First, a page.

6 Ways to Get Athletes to “Buy In”
Written on June 27, 2013 at 4:21 pm, by Eric Cressey
A few weeks ago, I was chatting with an athletic trainer friend of mine who used to work with one of our athletes. He was joking with me about how when he'd brought up the concept of postural awareness to this athlete years ago, the athlete had really shrugged it off as being unimportant. Now, years later, that athlete is taking posture more seriously and reaping the benefits in terms of health and performance.
This conversation got me to thinking about what it takes to get athletes to "buy in" to what you're saying to them or doing with them. Obviously, in this instance, it's likely heavily influenced by this young athlete simply getting older and more mature. However, I often wonder how we can accelerate the process of having athletes commit 100% to the approach we're employing. Below, I've listed a few areas I've found to be particularly important in expediting the process of athlete "buy-in."
1. Deliver a consistent message.
Remember when you were a kid and wanted something you know you didn't have a chance of getting? First, you'd ask your Mom and get shot down – and then you'd go to your Dad and try to sell him on it (or vice versa). If your Dad didn't back your Mom 100%, it usually meant that
Dad was sleeping on the couch you thought you still had a fighting chance to get your way. The message had to be consistent for them to get you to buy in to their rules.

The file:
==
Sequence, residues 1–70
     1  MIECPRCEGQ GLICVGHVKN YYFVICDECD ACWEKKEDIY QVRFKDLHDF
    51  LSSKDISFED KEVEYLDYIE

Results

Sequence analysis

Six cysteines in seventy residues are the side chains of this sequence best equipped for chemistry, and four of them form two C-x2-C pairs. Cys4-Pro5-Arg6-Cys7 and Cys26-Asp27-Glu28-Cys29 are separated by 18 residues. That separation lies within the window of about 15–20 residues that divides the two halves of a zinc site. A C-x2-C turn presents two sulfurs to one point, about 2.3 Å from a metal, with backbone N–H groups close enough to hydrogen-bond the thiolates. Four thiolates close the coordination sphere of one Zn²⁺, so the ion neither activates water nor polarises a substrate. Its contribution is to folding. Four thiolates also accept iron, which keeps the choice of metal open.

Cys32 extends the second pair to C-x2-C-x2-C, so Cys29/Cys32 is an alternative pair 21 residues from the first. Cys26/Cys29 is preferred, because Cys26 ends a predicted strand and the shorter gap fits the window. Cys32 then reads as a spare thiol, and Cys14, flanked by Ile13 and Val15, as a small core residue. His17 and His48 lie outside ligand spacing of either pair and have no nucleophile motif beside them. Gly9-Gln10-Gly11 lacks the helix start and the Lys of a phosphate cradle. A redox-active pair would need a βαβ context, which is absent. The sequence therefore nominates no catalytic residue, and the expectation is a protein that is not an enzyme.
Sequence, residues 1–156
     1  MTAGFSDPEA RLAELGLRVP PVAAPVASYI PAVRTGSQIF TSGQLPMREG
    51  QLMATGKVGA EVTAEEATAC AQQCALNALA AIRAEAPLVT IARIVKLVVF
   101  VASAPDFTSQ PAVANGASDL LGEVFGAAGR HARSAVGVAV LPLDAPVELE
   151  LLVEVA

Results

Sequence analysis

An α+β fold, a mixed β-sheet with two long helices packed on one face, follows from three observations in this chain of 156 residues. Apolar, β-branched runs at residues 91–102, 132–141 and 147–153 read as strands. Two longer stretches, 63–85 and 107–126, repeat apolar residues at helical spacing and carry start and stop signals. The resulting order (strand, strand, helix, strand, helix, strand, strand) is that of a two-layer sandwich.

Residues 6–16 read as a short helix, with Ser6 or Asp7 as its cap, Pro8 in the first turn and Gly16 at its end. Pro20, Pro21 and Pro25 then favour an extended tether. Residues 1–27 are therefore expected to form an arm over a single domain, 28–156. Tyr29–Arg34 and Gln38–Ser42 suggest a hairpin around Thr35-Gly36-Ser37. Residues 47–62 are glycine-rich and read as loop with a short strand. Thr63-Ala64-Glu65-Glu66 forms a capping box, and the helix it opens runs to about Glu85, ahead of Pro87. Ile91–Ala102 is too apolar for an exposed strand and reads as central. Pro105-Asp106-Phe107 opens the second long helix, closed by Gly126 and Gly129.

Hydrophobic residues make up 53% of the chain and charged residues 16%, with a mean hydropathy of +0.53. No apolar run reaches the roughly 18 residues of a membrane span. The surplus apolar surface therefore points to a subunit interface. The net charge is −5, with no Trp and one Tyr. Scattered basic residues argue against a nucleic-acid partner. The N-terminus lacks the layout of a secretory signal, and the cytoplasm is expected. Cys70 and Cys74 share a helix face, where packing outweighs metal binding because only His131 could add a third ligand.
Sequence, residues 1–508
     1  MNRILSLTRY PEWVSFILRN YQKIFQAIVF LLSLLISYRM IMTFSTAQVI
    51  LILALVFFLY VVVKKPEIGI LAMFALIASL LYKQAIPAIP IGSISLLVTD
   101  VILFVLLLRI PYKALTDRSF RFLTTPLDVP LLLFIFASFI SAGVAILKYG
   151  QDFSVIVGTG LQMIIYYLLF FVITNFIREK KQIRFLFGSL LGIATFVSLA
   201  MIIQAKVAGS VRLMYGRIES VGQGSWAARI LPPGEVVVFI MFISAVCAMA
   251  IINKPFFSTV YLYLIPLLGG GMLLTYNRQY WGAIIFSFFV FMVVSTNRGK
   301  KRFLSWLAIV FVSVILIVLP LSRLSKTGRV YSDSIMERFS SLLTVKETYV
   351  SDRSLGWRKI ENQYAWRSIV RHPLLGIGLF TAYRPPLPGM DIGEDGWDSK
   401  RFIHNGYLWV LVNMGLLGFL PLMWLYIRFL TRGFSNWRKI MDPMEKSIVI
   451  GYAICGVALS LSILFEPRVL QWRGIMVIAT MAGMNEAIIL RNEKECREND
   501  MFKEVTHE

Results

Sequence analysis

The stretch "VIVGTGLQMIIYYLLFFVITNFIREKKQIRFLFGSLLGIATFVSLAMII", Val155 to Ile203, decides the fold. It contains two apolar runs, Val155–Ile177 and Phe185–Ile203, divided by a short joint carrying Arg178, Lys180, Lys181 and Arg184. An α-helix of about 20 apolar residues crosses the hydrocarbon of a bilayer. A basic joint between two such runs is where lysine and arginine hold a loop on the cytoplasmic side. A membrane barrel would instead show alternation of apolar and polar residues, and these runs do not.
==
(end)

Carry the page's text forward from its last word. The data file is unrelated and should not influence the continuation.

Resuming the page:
In the gym, it has to be the same way – and not just in terms of rules. There needs to be a consistent message in terms of programming, nomenclature (i.e., what you call exercises), coaching cues, and what is deemed "acceptable" technique. If any of these factors don't line up along all members of your staff, athletes get mixed messages and begin to second guess you.
2. Start off with one-on-one interaction.
Every notice what happens when a coach yells at an entire team at once? Usually, the entire team "wears it" – and then proceeds to gossip about the coach after the fact and shrug off the message he was trying to deliver. In fact, he usually loses them a little (or a lot) more with each tirade.
Conversely, think about what happens when a coach pulls aside a player individually and lets him know his conduct, attitude, or effort level hasn't been satisfactory. Usually, that turns out to be a big kick in the pants for an athlete to step up his game and carry himself the right way.
This one-on-one interaction doesn't have to just be reserved for when something is going wrong, though. It's tremendously important when you first meet with an athlete to discuss his/her goals and go through an evaluation. I often video scapular screens with my baseball guys and discuss how their shoulder blades move relative to how we want them to move. It educates them, but also makes them realized how individualized their programming and overall training experience will be.
3. Individualize coaching cues to the athlete's learning style.
Taking the individualization theme a bit further, it's important to realize that all athletes have different learning styles when it comes to acquiring new movement pattern. Some are kinesthetic (need to be put in a position), some are auditory (just need to be told what to do), and others are visual (need to watch you demonstrate it). Being able to taylor your coaching style to their learning style – and not the other way around – is a great way to build rapport with athletes early on.